Today (Monday): The Harvard Activity Fair is in a couple of hours (the reason I didn't get any sleep). This should be interesting -- I've done many fairs, but never at Harvard before. It runs 9-12 (slightly bizarre time for college students, but okay); we'll see how it goes.
In the evening is the first meeting of Fenmere, in which I hope to encourage them to get off-campus a bit this year. This may be an uphill battle; we'll see.
Tuesday: The first meeting of the theoretical new borough at Olin. Myndroh has decided that, since he seems to have stayed attached to the SCA, he may as well get a group going where he is. So I'm going to see if I can give him a hand there, and get some folks interested.
Wednesday: Dance practice. Also Storytellers', which I must admit is tempting -- gyzki is going to be talking about King Arthur, which promises to be entertaining.
Saturday: Ciana's wedding, which I gather is at least partly outdoors. Keep fingers crossed for good weather...
Spoilers for the Houdini Ride: As mentioned above, the Houdini was the most interesting ride at Riverside. It starts out rather like the Haunted Mansion: you get ushered into a Victorian room, the lights go out, you get a little filmclip about Harry Houdini, things get spooky, he's coming back from the dead, yadda yadda yadda.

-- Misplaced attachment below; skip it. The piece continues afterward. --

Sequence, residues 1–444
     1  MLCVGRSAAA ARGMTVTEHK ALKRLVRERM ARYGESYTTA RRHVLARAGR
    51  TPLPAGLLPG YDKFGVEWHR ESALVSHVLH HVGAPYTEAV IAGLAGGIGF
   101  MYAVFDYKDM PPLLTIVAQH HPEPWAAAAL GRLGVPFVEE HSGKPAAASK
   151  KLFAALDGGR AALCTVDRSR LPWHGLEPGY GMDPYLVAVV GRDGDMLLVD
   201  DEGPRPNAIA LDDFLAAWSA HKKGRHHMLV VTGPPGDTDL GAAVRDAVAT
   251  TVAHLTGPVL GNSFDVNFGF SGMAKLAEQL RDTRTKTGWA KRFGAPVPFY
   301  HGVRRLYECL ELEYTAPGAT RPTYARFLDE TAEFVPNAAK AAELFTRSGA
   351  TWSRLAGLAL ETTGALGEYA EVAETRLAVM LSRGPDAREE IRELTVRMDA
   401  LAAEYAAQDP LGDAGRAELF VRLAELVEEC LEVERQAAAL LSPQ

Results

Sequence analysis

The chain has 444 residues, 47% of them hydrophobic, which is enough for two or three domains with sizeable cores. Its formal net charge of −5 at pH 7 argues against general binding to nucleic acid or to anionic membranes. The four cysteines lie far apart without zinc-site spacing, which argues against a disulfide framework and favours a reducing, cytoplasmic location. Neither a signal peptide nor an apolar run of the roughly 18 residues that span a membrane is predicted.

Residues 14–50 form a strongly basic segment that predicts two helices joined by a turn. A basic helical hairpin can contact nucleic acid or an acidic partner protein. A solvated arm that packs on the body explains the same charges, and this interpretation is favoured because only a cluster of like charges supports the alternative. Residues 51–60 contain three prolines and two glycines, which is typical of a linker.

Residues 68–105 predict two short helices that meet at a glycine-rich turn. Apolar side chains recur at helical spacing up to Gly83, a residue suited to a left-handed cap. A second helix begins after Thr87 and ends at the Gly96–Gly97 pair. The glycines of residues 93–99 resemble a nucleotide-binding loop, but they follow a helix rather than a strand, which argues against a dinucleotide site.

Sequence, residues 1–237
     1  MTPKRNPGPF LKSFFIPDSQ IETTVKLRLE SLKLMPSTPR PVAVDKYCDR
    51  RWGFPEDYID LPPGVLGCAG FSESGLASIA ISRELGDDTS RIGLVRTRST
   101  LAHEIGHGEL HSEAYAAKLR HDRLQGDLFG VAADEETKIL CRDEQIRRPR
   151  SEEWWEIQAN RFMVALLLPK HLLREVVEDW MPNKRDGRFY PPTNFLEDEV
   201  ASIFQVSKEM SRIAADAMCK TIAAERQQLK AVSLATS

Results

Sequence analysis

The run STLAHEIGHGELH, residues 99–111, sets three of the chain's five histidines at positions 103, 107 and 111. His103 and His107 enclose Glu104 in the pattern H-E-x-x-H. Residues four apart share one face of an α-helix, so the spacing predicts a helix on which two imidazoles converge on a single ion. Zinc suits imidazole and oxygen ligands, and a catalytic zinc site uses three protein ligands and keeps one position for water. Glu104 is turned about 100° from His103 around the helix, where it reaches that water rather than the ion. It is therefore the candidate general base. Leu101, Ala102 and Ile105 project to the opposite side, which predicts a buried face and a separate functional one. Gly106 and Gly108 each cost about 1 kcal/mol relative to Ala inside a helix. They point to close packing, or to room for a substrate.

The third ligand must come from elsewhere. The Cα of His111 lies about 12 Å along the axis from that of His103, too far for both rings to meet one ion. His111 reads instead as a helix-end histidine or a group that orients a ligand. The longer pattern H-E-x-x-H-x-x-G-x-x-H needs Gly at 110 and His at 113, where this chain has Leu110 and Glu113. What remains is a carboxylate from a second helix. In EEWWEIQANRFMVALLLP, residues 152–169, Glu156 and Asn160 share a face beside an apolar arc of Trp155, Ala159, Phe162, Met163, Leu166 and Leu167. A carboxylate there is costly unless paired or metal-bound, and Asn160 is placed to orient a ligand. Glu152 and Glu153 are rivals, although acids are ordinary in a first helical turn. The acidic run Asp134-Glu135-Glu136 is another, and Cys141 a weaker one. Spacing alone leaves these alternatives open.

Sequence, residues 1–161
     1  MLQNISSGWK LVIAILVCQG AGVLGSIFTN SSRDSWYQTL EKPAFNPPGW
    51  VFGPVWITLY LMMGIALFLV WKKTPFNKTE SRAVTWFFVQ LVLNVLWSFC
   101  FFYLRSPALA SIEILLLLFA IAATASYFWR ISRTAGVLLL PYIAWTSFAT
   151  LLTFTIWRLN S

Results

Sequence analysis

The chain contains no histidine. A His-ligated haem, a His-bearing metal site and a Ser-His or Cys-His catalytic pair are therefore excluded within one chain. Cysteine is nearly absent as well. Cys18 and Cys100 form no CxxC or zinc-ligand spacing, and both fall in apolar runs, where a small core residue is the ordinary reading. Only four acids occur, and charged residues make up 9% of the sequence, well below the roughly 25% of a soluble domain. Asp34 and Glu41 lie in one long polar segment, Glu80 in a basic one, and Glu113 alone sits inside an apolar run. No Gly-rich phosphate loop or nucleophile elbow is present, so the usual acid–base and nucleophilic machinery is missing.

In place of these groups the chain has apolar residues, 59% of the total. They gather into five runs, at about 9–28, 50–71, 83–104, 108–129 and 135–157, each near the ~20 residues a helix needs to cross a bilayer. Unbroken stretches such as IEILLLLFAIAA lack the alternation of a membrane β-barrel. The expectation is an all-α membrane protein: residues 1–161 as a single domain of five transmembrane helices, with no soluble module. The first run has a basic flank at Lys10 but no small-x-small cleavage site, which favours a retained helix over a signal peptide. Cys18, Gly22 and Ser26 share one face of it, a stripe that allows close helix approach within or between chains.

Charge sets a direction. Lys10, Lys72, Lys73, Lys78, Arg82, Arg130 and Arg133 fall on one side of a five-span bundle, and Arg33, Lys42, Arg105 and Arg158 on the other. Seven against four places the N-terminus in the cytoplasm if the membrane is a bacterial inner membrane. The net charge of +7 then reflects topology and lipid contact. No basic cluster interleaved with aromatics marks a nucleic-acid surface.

Then you walk into a fairly plain room, where the "seance" is to take place. It's a long room, with four long rows of benches, two on each side, facing each other. Lap rails come down, for no particularly apparent reason.
Nothing visible happens at first, but the room just starts to *feel* wrong. You look around, and it's all the same, but your sense of balance goes completely wonky. And then the floor begins to spin relative to the walls, but even that isn't right -- you can see what's happening, and that the floor is rocking back and forth, but your sense of balance is still wildly off. At one point, you find yourself actually on the ceiling, looking down, not precisely sure why you're not falling. It's a wholly unsettling feeling.
It's clear what's going on: *both* the floor and the walls spin, and not intuitively. At the beginning, they pull the entire room up on its side, at something like a 20 degree angle. Then they set both floor and walls in motion, moving separately from each other. So you can see that things are spinning, but the visual orientation relative to the room has nothing to do with your actual physical orientation. Even having figured the trick out in the first couple of seconds, it's incredibly disorienting.
Really a great ride: the first genuinely original amusement park ride I've seen in a couple of years...